Sept 15 Wall Street banks, including JPMorgan
, have engaged in speculative trading and stockpiled U.S.
renewable fuel credits turning a federal environmental program
into a profit stream, The New York Times reported on Sunday.
A JPMorgan trader pressed the bank to buy all the Renewable
Identification Numbers (RINs) it could, The Times said citing an
unnamed industry executive. Prices for the credits spiked by as
much as 20-fold between January and mid-summer.
The Times reported that JPMorgan's role and that of other
banks in the RINs market has hurt U.S. refineries that often
must acquire RINs to avoid stiff penalties from the U.S.
Environmental Protection Agency (EPA). The banks' trading in the
RINs market likely contributed to higher gasoline prices at the
pump, the report said.
With the supply of available RINs growing tighter, JPMorgan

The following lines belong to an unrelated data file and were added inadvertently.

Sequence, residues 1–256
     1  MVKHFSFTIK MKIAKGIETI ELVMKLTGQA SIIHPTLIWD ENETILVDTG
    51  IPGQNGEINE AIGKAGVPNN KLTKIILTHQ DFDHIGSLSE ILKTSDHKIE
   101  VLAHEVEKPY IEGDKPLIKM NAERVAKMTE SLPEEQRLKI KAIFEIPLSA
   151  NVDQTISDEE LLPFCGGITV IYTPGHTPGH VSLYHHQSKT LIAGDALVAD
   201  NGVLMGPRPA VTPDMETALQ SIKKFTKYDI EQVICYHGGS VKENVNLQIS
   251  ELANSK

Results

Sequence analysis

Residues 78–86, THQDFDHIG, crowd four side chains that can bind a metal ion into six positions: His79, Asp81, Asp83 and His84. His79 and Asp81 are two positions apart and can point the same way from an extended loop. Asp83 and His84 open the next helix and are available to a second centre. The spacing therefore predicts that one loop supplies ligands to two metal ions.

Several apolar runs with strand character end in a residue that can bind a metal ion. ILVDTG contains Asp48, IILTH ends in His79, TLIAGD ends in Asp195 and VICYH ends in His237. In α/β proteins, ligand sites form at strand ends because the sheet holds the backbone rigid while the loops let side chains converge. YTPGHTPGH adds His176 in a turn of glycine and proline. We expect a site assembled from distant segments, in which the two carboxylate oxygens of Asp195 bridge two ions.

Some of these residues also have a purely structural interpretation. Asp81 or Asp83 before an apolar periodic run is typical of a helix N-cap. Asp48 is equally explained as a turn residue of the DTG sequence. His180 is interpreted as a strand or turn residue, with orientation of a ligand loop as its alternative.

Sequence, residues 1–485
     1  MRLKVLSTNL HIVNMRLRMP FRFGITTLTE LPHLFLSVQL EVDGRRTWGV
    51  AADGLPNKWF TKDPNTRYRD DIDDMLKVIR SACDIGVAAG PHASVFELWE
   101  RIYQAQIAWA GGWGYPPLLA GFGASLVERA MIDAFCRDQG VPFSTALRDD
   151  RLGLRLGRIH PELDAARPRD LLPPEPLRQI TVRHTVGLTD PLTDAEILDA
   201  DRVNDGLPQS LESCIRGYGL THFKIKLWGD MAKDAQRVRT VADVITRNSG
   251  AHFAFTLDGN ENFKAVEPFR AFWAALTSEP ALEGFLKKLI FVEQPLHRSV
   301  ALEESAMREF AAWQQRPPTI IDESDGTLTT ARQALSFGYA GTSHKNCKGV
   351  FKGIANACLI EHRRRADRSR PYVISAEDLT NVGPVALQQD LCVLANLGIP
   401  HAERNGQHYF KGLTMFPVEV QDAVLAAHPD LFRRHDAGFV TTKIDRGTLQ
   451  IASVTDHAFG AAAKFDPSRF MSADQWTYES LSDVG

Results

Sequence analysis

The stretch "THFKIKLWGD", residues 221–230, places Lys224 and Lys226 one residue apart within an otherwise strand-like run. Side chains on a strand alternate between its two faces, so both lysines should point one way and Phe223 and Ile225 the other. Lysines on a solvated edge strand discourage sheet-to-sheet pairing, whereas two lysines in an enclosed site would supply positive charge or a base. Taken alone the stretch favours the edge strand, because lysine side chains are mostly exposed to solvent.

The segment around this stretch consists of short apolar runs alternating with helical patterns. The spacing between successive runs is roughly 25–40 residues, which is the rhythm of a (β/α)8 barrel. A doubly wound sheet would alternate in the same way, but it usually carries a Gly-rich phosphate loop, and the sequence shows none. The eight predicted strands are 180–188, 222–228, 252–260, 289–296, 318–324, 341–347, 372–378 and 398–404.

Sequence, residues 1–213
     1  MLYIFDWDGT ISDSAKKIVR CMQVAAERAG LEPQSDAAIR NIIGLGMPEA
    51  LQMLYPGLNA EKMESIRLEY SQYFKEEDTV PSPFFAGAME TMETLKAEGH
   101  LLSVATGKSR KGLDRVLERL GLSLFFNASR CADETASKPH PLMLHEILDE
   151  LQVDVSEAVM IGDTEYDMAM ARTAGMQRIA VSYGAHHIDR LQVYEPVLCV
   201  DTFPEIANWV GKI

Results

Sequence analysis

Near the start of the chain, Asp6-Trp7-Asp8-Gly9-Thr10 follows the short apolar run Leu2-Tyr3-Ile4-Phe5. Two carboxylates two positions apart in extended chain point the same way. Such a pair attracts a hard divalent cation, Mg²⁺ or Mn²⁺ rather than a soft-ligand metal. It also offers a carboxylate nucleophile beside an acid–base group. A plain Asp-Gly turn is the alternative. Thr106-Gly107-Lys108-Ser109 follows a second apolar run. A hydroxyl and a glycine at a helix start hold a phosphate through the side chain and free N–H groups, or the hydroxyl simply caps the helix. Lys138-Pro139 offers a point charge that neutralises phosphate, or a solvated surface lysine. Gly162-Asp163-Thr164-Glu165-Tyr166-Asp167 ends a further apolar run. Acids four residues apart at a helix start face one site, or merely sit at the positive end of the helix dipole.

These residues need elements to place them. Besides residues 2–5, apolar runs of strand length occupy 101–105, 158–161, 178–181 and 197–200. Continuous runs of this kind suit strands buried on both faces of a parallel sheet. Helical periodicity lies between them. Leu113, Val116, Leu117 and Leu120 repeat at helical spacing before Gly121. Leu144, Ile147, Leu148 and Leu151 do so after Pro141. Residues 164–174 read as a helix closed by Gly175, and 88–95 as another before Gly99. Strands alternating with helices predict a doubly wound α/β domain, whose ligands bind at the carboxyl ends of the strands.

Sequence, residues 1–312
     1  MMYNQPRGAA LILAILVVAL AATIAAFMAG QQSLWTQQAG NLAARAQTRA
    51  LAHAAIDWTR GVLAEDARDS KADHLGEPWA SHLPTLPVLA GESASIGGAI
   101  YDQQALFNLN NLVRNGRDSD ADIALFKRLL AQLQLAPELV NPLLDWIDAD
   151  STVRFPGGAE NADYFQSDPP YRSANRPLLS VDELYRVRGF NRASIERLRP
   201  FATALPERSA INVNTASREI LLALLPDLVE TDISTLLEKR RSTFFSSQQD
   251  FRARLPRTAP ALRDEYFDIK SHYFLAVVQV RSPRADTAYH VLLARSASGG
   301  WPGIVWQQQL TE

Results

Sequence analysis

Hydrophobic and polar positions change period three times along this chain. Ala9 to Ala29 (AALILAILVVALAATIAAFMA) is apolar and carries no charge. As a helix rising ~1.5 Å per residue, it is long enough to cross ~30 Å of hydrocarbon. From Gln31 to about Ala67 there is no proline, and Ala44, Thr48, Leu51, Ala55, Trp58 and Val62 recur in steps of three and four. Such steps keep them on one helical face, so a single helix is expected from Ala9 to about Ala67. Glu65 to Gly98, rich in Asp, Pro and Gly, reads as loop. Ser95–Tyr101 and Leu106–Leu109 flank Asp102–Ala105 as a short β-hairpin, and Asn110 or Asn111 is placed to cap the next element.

offered to sell hundreds of millions fuel credits to refiners
this year, The Times reported.
JPMorgan spokesman Brian Marchiony told Reuters by email
that the bank did not offer to sell that volume of fuel credits
and holds only a "marginal" inventory of RINs, or just enough to
comply with its own requirements in the fuel market.
Throughout 2013, Marchiony added, the bank's RINs inventory
has never a exceeded an estimated 0.001 percent of the total, 14
billion gallon ethanol RIN market.
U.S. refiners and gasoline importers must generate or buy
RINs to comply with EPA rules requiring they blend growing
quantities of ethanol into gasoline supplies. RINs prices spiked
from 7 cents in January to a high of $1.43 this summer, before
retreating to 60 cents, the newspaper said.
The price spike has saddled U.S. refineries with huge bills
and refiners have passed along the higher costs to consumers,
the report said.
Independent refiner Valero Corp estimated that its
cost to acquire RINs would skyrocket to $800 million, The Times